What it is
Caffeine is a non-energetic methylxanthine alkaloid.
What it does
Caffeine functions as a central nervous system stimulant that promotes wakefulness. It also has small but significant positive effects on most types of exercise performance (endurance, force output, power output, etc.).
It seems to exert these effects primarily by functioning as a central adenosine antagonist. Adenosine generally has inhibitory effects on the central nervous system. Caffeine keeps adenosine from binding to adenosine receptors in the brain, which increases alertness, reduces perceptions of pain and exertion, and increases motor unit firing rates.
For more on the molecular mechanisms and effects of caffeine intake, you may enjoy this article.
Intakes of caffeine below 400mg per day generally don’t have any serious side effects, and aren’t associated with any long-term health consequences. In rare cases, caffeine toxicity can occur when individuals consume around 1200mg of caffeine in a short period of time, leading to seizures, though the average lethal dose is much, much higher. The average lethal dose of caffeine is estimated to be approximately 150-200mg per kilogram of body mass – 9,000-20,000mg for most adults. If you tried to consume that much caffeine from caffeinated beverages, you’d die of water toxicity before you died of a caffeine overdose, but it’s possible to accidentally consume that much caffeine from purified caffeine pills or powders. So, be very careful if you use an isolated caffeine supplement.
We figure most people want to enjoy the benefits of caffeine without suffering any serious side effects, so we generally recommend that folks should try to limit their caffeine to 400mg per day, and we definitely recommend against consuming more than 1,000mg of caffeine within the span of a couple hours. Though, if you’re particularly sensitive to the effects of caffeine, even 400mg might make you feel nervous and jittery. So, don’t treat 400mg/day as a universal top-end intake; your personal threshold might be quite a bit lower.
People who are pregnant or nursing are generally advised to limit their caffeine intake to a maximum of 100-200mg per day.
Likelihood of tracking completeness: Very low
Caffeine is not a nutrient that food manufacturers are required to disclose on nutrition labels. The vast majority of food manufacturers do not voluntarily list caffeine content on nutrition labels, so most branded products in the MacroFactor database lack information on caffeine. So, if you’d like to accurately track your caffeine intake, you’ll need to make a point of mostly tracking “common foods,” which come from research-grade databases that have full nutrient reporting.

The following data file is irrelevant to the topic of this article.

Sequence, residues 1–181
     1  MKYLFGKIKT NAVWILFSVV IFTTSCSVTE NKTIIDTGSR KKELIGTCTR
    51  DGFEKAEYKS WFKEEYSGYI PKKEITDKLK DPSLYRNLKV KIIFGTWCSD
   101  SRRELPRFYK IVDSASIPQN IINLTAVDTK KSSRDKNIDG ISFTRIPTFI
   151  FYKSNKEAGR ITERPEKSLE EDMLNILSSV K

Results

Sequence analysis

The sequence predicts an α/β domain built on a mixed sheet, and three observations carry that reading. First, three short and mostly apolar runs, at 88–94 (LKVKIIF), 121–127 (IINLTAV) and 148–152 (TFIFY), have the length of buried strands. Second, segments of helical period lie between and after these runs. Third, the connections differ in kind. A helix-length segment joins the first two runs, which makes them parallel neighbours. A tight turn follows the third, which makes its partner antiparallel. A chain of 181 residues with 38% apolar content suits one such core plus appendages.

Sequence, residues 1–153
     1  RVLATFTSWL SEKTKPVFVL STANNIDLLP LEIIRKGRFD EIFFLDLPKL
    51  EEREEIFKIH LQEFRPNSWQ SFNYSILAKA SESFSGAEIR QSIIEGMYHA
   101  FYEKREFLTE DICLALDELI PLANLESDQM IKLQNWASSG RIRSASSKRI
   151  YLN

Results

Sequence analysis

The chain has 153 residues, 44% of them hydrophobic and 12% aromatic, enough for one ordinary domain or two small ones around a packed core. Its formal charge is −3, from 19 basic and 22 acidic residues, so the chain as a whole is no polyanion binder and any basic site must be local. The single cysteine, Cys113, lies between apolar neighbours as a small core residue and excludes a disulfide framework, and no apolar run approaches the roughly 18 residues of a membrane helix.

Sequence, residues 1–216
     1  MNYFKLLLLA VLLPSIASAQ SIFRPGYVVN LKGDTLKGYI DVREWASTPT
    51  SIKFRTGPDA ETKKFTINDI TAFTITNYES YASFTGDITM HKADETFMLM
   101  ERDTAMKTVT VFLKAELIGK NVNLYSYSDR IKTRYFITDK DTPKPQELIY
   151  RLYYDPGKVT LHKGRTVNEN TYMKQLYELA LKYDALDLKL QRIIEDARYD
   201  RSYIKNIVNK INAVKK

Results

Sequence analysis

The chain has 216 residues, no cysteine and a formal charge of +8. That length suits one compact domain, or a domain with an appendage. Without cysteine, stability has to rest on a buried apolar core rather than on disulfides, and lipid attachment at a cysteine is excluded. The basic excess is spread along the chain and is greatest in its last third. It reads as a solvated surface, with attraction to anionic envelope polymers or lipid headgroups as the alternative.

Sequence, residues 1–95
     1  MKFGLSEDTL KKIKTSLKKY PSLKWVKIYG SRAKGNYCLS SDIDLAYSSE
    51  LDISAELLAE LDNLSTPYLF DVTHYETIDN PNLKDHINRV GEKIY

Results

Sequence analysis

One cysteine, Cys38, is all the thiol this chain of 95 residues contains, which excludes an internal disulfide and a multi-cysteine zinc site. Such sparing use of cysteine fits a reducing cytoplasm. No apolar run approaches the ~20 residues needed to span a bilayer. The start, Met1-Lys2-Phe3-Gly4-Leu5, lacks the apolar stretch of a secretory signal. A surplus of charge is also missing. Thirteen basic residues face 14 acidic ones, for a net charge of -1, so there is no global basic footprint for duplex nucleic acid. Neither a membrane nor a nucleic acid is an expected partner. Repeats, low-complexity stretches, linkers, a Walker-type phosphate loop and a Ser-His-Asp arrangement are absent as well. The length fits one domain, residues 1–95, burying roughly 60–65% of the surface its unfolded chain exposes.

For more on when you can track using branded foods versus common foods when you’re trying to accurately monitor your intake of particular nutrients, you should check out this article.
Likelihood of insufficient or excessive intake: n/a for insufficient intake, and low for excessive intake
You might feel like you need a cup of coffee to get out of bed in the morning, but caffeine is not an essential nutrient. Surprisingly, many people are in great health and function perfectly well without consuming any caffeine.
I’m not entirely sure how they accomplish this feat, but as a man of science, I must acknowledge that it’s physiologically possible.
Most adults consume less than 400mg of caffeine per day.
For more on nutrients with a greater likelihood of insufficient or excessive intake, you should check out this article.
Signs of deficiency/insufficiency: n/a
There’s no such thing as a caffeine deficiency. You’re not suffering from a caffeine deficiency because you didn’t have your morning coffee – those are withdrawal symptoms. Or, you just need to take a nap.
Coffee, most teas, many soft drinks (including energy drinks), and chocolate all contain caffeine, and/or other compounds that are structurally and chemically similar to caffeine (like theobromine in chocolate). If you consume caffeinated beverages, be mindful of their added sugar content.